Books, Burgers, and Bun'n'Barrel
For a household wherein the last time we packed out from an overseas assignment and the movers had a pool going on how many cartons of books they would finish up with - the count eventually topped out at 65 - we have an unseemly greed for more. We do not disdain any opportunity to explore second-hand bookstores, rummage sales, Half Price Books, the massive yearly PTA book sale at the Blossom Athletic Center, and the regular sales at our local San Antonio Library branch. The management there very kindly puts out a banner at the well-trafficked corner of Judson and Nacogdoches, and I have scored some lovely book bargains there in the past, notably when it came to Texiana.
Yes, my need for reference books on aspects of Texas history is practically bottomless, mostly because I never know when I might have to look up some relevant factoid, because I need it now this very minute for the current chapter of the current book I am scribbling and to drive two blocks to the Semmes branch, or to order it from the central stacks is just too inconvenient because I need it NOW. On the whole, it's just faster and easier to reach up and get the reference I need from a book on the shelf within arm's reach - so, yes. More books.
We got in line about 9:30 last Saturday morning - and if that sounds as if it were too early - there were already a goodly assortment of people gathered in front of the library, a few of whom had sent their significant others around the corner for breakfast tacos. There weren't any professional book purchasers this time; the experts who have very specific requirements, and usually plastic crates on luggage carriers, and make a tidy living skimming off the cream of the books and re-selling them on the internet. The doors opened at 10:00 sharp, everyone crammed into the little room to the left of the main doors where the books were laid out - eh, a thin collection, this time, only a few volumes of Texiana, and nothing much to speak of in the way of cookbooks. My daughter found more to her interest - Wine for Dummies, a book of jokes and one of directions to knit afghans, among some others.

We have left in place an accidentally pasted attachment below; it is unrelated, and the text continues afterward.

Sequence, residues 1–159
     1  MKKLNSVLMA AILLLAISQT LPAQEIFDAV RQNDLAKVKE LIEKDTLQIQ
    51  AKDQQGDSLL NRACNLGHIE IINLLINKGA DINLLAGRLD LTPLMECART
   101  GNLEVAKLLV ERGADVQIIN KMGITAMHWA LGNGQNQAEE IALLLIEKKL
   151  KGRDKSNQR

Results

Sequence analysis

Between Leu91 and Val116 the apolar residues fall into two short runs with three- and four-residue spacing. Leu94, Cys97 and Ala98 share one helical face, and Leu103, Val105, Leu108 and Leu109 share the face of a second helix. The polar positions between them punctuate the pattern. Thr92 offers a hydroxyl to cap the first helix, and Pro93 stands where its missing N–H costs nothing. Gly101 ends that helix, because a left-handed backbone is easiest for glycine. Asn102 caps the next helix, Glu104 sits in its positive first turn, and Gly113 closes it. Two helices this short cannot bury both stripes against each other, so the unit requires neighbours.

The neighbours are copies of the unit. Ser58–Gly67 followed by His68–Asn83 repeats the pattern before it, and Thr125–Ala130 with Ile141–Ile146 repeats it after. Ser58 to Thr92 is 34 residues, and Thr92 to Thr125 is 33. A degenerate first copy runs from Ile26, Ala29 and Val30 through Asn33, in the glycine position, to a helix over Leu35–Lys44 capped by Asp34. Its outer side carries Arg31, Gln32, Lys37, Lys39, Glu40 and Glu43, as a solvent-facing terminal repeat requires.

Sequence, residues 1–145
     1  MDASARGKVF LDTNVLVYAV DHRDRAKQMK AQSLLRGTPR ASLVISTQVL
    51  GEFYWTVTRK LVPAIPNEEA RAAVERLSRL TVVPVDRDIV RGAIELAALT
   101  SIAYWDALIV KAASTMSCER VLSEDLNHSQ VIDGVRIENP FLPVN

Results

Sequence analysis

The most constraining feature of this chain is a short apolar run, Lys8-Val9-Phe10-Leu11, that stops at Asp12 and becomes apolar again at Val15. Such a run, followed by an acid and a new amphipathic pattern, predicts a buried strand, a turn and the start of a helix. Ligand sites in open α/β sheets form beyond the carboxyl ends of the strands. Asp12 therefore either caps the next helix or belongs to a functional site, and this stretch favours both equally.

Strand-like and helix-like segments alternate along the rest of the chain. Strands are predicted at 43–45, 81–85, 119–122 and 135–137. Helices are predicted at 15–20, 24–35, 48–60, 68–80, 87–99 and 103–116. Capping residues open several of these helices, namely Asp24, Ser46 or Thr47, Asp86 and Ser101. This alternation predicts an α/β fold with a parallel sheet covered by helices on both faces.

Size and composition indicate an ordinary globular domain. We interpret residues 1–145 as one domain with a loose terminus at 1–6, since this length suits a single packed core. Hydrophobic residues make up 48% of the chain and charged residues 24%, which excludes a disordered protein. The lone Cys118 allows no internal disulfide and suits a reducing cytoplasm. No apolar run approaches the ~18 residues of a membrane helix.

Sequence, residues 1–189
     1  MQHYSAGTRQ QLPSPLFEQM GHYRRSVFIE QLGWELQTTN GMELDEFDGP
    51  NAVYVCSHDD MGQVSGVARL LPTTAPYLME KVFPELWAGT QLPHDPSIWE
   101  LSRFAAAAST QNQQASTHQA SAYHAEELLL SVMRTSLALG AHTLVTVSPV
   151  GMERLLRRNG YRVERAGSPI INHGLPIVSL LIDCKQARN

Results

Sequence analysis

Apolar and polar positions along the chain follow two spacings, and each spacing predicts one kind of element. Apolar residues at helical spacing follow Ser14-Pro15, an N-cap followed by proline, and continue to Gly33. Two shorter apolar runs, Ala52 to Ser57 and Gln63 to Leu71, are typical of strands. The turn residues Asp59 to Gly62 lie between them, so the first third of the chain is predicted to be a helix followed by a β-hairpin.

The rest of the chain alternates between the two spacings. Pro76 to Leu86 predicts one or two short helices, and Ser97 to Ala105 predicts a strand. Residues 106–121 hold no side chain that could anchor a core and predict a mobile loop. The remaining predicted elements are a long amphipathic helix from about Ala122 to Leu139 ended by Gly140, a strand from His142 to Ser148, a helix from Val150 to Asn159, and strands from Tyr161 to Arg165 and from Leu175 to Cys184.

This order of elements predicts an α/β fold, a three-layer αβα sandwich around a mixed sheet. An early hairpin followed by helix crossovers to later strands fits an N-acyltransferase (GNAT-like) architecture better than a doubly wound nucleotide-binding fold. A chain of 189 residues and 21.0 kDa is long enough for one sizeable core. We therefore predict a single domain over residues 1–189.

We took our harvesting home, and went to check out an estate sale in Alamo Heights, but nothing really took our attention at it, so finished up for lunch at one of the Austin Highway's landmark eateries - the Bun ‘n' Barrel. A friend who has lived a long time in San Antonio remembers when the Bun ‘n' Barrel had car-hops on roller-skates; it was then a classic 1950s' burger joint and teen hang-out. The car-hops are long gone, but the burgers and BBQ are not. The BBQ pit is out back, and they have expanded into catering, and will also do custom cooking . . . just bring in your beast - venison, a wild boar or whatever, thawed if previously frozen, please, and allow twenty-four hours for maximum succulence.
We didn't want to wait that long - just a burger and a brisket sandwich, please - and my daughter indulged herself with an order of mozzarella sticks, which were delish. The burgers and brisket - good, not as good as Sams' on Broadway, or Easy Pickins in Harper, but still quite good, much better than your average fast food franchise place. Over the next few months, we plan to eat our way along the Austin Highway, so stay tuned.